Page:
||Central Bank Of Barbados
BARBADOS’ FINANCIAL SYSTEM REMAINS SOUND
Barbados’ financial system remains sound and is capable of withstanding adverse shocks, the 2015 Financial Stability Report published today by the Central Bank of Barbados confirmed.
The Report revealed an improved performance for deposit taking institutions (banks, credit unions and trust and mortgage finance houses) with the results for the commercial banks being particularly noteworthy. The domestic insurance sector recorded a mixed performance with the life insurance being more successful than general.
The Report stated “the performance of the local banking sector improved over the twelve months to September 2015. Write-offs of bad loans fell sharply from their peak in 2013 and the non-performing loan (NPL) overhang displayed significant signs of recovery for commercial banks in particular. There was also a substantial recovery in profitability due not only to improvements, in the quality of the credit portfolio, but also to a wider gap between interest paid out to depositors and interest received on loans. However, loan growth remained weak.”
The document affirmed that the commercial banking sector is central to the financial system, and with all the banks foreign owned, the health of their parents (all the parent banks were assessed as investment grade) continued to be critical to the stability of the domestic banking sector. Moreover, the report indicated that given that most interbank exposures take the form of cross border exposures to their parent entities, the health and soundness of the parent banks would mitigate the likelihood of reputational risk generating spill over into the domestic banking sector.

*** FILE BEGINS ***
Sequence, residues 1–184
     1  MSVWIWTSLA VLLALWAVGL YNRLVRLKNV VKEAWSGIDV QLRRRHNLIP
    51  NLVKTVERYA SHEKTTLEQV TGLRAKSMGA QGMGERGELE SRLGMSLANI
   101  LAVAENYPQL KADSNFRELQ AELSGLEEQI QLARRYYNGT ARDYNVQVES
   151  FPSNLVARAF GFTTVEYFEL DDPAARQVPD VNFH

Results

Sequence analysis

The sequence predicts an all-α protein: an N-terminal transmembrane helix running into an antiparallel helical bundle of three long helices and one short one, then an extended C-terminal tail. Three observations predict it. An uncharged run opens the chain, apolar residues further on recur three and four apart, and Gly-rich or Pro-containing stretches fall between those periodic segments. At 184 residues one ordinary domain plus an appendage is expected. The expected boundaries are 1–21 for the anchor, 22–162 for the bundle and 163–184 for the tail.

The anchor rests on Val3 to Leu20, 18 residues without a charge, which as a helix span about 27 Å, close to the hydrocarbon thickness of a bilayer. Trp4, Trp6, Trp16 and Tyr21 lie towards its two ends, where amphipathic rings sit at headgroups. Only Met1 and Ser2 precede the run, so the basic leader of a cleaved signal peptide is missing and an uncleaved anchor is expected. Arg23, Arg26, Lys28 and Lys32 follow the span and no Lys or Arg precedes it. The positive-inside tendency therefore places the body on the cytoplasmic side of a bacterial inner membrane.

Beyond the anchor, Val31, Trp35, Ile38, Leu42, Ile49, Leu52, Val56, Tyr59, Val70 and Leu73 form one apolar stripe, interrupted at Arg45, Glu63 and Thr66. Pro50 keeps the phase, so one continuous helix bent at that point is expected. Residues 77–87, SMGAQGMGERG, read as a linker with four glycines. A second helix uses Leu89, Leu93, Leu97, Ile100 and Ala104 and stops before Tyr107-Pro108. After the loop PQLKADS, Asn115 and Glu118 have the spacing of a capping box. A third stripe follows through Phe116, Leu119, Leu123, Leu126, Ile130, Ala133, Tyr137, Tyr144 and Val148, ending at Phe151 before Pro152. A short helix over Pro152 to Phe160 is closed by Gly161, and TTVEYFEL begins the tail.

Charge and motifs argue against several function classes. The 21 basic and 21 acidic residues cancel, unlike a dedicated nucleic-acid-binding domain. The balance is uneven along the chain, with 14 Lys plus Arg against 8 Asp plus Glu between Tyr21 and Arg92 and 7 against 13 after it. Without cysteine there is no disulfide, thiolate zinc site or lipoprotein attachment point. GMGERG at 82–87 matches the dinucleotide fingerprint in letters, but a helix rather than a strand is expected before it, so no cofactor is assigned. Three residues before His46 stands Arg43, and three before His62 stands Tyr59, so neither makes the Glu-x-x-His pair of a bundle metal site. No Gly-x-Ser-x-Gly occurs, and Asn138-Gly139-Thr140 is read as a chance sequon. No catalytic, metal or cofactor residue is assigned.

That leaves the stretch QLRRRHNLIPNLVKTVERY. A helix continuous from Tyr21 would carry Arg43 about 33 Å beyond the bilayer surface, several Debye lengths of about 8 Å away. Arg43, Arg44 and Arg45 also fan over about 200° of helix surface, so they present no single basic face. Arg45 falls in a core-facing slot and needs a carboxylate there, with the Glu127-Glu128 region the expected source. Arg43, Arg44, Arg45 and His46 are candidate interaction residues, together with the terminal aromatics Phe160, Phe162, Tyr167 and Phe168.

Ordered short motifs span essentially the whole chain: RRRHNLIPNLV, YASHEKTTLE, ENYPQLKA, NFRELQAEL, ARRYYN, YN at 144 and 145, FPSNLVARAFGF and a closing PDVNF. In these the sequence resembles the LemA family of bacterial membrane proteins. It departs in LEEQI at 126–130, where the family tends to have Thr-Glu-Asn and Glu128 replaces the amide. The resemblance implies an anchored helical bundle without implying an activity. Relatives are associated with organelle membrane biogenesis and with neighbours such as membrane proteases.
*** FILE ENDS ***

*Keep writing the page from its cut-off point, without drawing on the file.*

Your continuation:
Stress tests on the banking sector, in the areas of liquidity risks, contagion exposures, the ability to absorb credit shocks, foreign exchange exposure and interbank exposures, confirmed the resilience of the banking sector. “Overall, these results indicated that the system is stable and would be able to overcome an adverse range to shocks,” the Report stated.
Commercial banks’ dominance in the market was reflected in their owning more than half of total assets in the financial system, some 60 percent. They also facilitated the majority of savings and transaction services to other institutions. Trust and finance companies, credit unions and insurance companies’ exposure to banks was approximately 23, 44 and 21 percent of their capital, respectively. Conversely, commercial banks’ exposure to all other financial institutions combined only represents 12 percent of their capital, with more than half being held with affiliated trust and finance companies.
Commercial banks also accounted for the lion’s share of the three percent growth in
total liabilities in the financial system in the past year. Their deposits during the review
period increased by $440 million, of which $367 million was deposited to the Central
Bank of Barbados and $33 million was placed in other investments.
Loans represented 60 percent of commercial banking assets, with mortgage debt